CONFIRMED: Exposure to aldehyde chemicals found to trigger the degradation of BRCA2 breast cancer genes in women

Aldehydes, a common class of everyday chemicals, have been found to increase cancer risk by interfering with the body’s natural DNA repair mechanism, a new study reported. The study, conducted by researchers at the University of Cambridge, looked into the effects that aldehydes can have on human health.

Aldehydes are made in our body in tiny amounts and can be found everywhere in the environment. Though our body usually eliminates these compounds without experiencing any issues, today we are increasingly exposed to these toxins and our body can no longer cope with the excess.

These chemicals are all over the place. Aldehydes are found in car exhausts, cigarettes, cosmetics, foods, alcoholic beverages, clothing, and furniture.  Therefore, it is hard to say how much of these toxins are entering our body on a daily basis.

Aldehydes might trigger cancer in people with a faulty copy of the BRCA2 gene

Though aldehyde exposure impedes DNA repair in all cells, even the healthy ones, people who have inherited a faulty copy of the BRCA2 gene are particularly sensitive to such damage.

To seek an answer to the question whether aldehyde exposure could promote cancer, Ashok Venkitaraman, PH.D., director of the Medical Research Council Cancer Unit at the University of Cambridge, and his team examined genetically engineered human cells and cells from women bearing a faulty copy of the breast cancer gene BRCA2, which produces a protein that repairs DNA damage.

Though it is not the first time aldehyde exposure has been linked to an increased risk of cancer, scientists now believe they have discovered why this class of chemicals may cause the disease. (RELATED: Stay informed about common cancer-causing toxins at

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Damage to our DNA occurs on a regular basis when our cells divide. Under normal circumstances, our body has its own defense mechanism that helps to repair faults in the DNA. Aldehydes, however, obstruct this vital process.

The body has two copies of the BRCA2 gene. Some people, however, inherit a single faulty copy of the BRCA2 gene, making them more susceptible to cancer. Though the mechanism is not fully understood, the Cambridge scientists think they might have found the answer.

Since the cells of people with a faulty BRCA2 gene should still be able to repair DNA using the BRCA2 protein made from the remaining, intact copy of the gene, something else must be at play. According to Professor Ashok Venkitaraman and colleges, aldehydes may be the culprit.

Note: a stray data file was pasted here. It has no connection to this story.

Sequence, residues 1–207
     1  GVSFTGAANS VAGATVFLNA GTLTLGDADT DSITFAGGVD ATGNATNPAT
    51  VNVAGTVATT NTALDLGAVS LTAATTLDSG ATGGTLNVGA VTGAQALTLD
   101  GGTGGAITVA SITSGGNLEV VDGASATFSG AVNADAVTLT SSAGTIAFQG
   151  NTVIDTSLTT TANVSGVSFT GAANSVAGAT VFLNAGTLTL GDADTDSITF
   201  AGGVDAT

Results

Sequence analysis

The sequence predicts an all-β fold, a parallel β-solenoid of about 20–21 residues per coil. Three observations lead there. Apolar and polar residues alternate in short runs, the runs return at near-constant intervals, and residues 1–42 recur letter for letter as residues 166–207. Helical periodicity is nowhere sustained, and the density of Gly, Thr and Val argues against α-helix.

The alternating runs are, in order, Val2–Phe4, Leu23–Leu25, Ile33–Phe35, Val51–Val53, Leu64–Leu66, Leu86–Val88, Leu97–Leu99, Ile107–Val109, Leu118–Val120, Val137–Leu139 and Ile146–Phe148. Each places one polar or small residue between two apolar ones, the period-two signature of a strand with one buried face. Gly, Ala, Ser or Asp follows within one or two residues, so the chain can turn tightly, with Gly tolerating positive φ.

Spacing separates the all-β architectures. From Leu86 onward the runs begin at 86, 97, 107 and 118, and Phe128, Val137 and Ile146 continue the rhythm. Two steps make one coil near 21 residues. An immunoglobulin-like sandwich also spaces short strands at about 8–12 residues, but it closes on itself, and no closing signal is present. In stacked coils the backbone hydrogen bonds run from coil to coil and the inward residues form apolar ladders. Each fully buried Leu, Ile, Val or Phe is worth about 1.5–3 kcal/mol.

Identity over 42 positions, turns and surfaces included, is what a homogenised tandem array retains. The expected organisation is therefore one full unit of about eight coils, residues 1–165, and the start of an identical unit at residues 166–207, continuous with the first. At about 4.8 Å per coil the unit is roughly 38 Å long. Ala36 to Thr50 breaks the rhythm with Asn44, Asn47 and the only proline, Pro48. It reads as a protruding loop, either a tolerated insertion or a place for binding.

Their data showed that aldehydes trigger the degradation of BRCA2 protein in cells. People who inherit a faulty copy of the BRCA2 gene already have very low levels of the DNA repair protein, which is then further depleted in the presence of aldehydes, pushing the levels well below the amount required for DNA repair.

With no system in place to correct the mistakes or mutations, cells may spin out of control which could promote cancer formation. An estimated one in 100 people carries a faulty BRCA2 gene. Regular exposure to aldehydes via shampoos, alcohol, and household products could put these people at a higher risk of developing breast, ovarian, prostate, and pancreatic cancer, reported Science Daily.

Professor Venkitaraman noted that his team’s findings may help with the prevention or treatment of cancers in the future.

To protect your family from unnecessary aldehyde exposure there a few things you can do at home. Always opt for cosmetics and household products with organic ingredients. Furthermore, be mindful of the clothes, foods, drinks, furniture, and building materials you buy. They may also contain aldehydes. And as if you needed another reason to say no to vaccines, formaldehyde is no stranger to their ingredients list.

Stay informed about vaccine ingredients. Read the vaccine manufacturers’ product inserts at


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